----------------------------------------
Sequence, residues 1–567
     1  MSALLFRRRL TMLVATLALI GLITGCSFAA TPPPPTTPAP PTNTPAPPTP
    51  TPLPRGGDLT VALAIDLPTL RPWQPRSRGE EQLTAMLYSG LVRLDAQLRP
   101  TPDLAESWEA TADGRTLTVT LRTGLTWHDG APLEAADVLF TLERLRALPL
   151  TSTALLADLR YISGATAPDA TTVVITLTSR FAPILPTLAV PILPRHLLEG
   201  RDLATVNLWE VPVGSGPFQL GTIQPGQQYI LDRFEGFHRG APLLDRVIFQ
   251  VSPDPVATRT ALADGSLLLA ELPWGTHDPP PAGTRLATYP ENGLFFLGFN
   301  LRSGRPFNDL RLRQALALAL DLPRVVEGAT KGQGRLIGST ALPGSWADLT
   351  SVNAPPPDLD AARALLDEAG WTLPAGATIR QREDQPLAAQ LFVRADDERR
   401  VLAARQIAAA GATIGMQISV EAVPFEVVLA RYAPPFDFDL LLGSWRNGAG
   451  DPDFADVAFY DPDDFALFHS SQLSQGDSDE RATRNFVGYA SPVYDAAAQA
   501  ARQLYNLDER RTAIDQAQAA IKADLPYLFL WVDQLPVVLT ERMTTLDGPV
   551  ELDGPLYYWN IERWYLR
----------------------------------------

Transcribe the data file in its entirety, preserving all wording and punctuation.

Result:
Sequence, residues 1–567
     1  MSALLFRRRL TMLVATLALI GLITGCSFAA TPPPPTTPAP PTNTPAPPTP
    51  TPLPRGGDLT VALAIDLPTL RPWQPRSRGE EQLTAMLYSG LVRLDAQLRP
   101  TPDLAESWEA TADGRTLTVT LRTGLTWHDG APLEAADVLF TLERLRALPL
   151  TSTALLADLR YISGATAPDA TTVVITLTSR FAPILPTLAV PILPRHLLEG
   201  RDLATVNLWE VPVGSGPFQL GTIQPGQQYI LDRFEGFHRG APLLDRVIFQ
   251  VSPDPVATRT ALADGSLLLA ELPWGTHDPP PAGTRLATYP ENGLFFLGFN
   301  LRSGRPFNDL RLRQALALAL DLPRVVEGAT KGQGRLIGST ALPGSWADLT
   351  SVNAPPPDLD AARALLDEAG WTLPAGATIR QREDQPLAAQ LFVRADDERR
   401  VLAARQIAAA GATIGMQISV EAVPFEVVLA RYAPPFDFDL LLGSWRNGAG
   451  DPDFADVAFY DPDDFALFHS SQLSQGDSDE RATRNFVGYA SPVYDAAAQA
   501  ARQLYNLDER RTAIDQAQAA IKADLPYLFL WVDQLPVVLT ERMTTLDGPV
   551  ELDGPLYYWN IERWYLR